Literature / Halo: First Strike
Halo: First Strike
is a 2003 Halo
book by Eric Nylund bridging the events of Halo: Combat Evolved
and Halo 2
, and also serving as something of a sequel for Halo: The Fall of Reach
. As Halo 2
hadn't yet been completed when the book was written, there are some inconsistencies between the two
, some of which Tor rectified with an updated edition in 2010.
No relation to the Jackie Chan
movie of the same name.
First Strike provides examples of:
- Aborted Arc: A great deal of subplot mysteries in this book don't come up again in subsequent works:
- The Forerunner crystal, which is deemed too dangerous by Halsey and so destroyed. The Prophet of Truth receives a few fragments that he thinks may be good for his plans, but that's the last we've heard of it. That said, The Forerunner Saga and Halo: Warfleet seem to imply that it's related to the slipspace flakes used by the Forerunners to power their slipspace drives.
- The Ascendant Justice has numerous mysteries that go unresolved in the book, including its unusually small crew, its AI unlike any known Covenant one, and one of its passengers supposedly having been the "Guardian of the Luminous Key". The Combat Evolved: Anniversary terminals and the adjunct section of the 2010 Halo: The Flood reprint give (or at least imply) answers to a few of these questions, but not all of them.
- Sergeant Johnson's immunity to the Flood has also never come up again, outside of a brief mention in The Halo Graphic Novel. In this case, it is intentional; Bungie has said they've chosen to ignore it.
- Ace Pilot: Shiela Polaski, who's from the same Pelican squadron as Foehammer.
- Back from the Dead: Linda, who was clinically dead from injuries sustained in The Fall of Reach, is revived by Dr. Halsey towards the end of the novel.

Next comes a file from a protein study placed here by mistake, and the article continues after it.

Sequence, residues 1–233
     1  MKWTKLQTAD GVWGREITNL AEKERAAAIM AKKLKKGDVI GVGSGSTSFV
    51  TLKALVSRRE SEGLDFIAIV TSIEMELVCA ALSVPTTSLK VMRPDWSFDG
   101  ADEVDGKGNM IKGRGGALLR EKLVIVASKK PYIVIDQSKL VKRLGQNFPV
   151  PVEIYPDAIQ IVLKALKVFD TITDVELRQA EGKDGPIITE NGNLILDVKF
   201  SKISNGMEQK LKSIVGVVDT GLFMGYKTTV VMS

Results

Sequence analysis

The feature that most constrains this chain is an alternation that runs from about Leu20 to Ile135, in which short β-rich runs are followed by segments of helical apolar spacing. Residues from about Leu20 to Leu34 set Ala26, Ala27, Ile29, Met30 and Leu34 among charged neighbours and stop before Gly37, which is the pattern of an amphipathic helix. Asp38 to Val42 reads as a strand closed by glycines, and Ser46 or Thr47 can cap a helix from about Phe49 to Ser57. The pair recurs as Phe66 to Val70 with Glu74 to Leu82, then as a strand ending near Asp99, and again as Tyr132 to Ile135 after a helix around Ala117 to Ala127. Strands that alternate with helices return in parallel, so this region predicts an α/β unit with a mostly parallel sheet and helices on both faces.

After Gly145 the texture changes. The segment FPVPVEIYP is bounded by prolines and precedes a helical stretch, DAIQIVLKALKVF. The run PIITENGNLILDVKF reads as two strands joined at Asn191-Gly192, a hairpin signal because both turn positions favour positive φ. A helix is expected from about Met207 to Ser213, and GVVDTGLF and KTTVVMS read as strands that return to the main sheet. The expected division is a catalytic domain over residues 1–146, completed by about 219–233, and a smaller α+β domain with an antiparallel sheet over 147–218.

- Badass Boast: Admiral Whitcomb's transmission to the Covenant fleet after crashing the Ascendant Justice into Unyielding Hierophant:
"We're here in the middle of your fleet with your 'holy of holies'. Come and get it!"
- Badass Crew: The mixture of Spartan, Navy, and Marine characters.
- Badass Normal: Corporal Locklear, an ODST who acquits himself admirably fighting alongside Chief and Johnson.
- Boarding Party: One of the first things Chief and friends do after escaping Halo is hijack the Covenant carrier Ascendant Justice. Later, the Spartans board a Covenant space station in order to blow it up.
- Brandishment Bluff: One where both sides are pulling the bluff. When our heroes come across an Insurrectionist base, the Innies threaten them with nukes, which the UNSC responds to with the threat of the Gettysburg-Ascendant Justice's seven plasma turrets. When the Covenant attack them both, it turns out the nukes were just unusable neutron radiation emitters and the Gettysburg-Ascendant Justice actually only has one barely functioning plasma turret.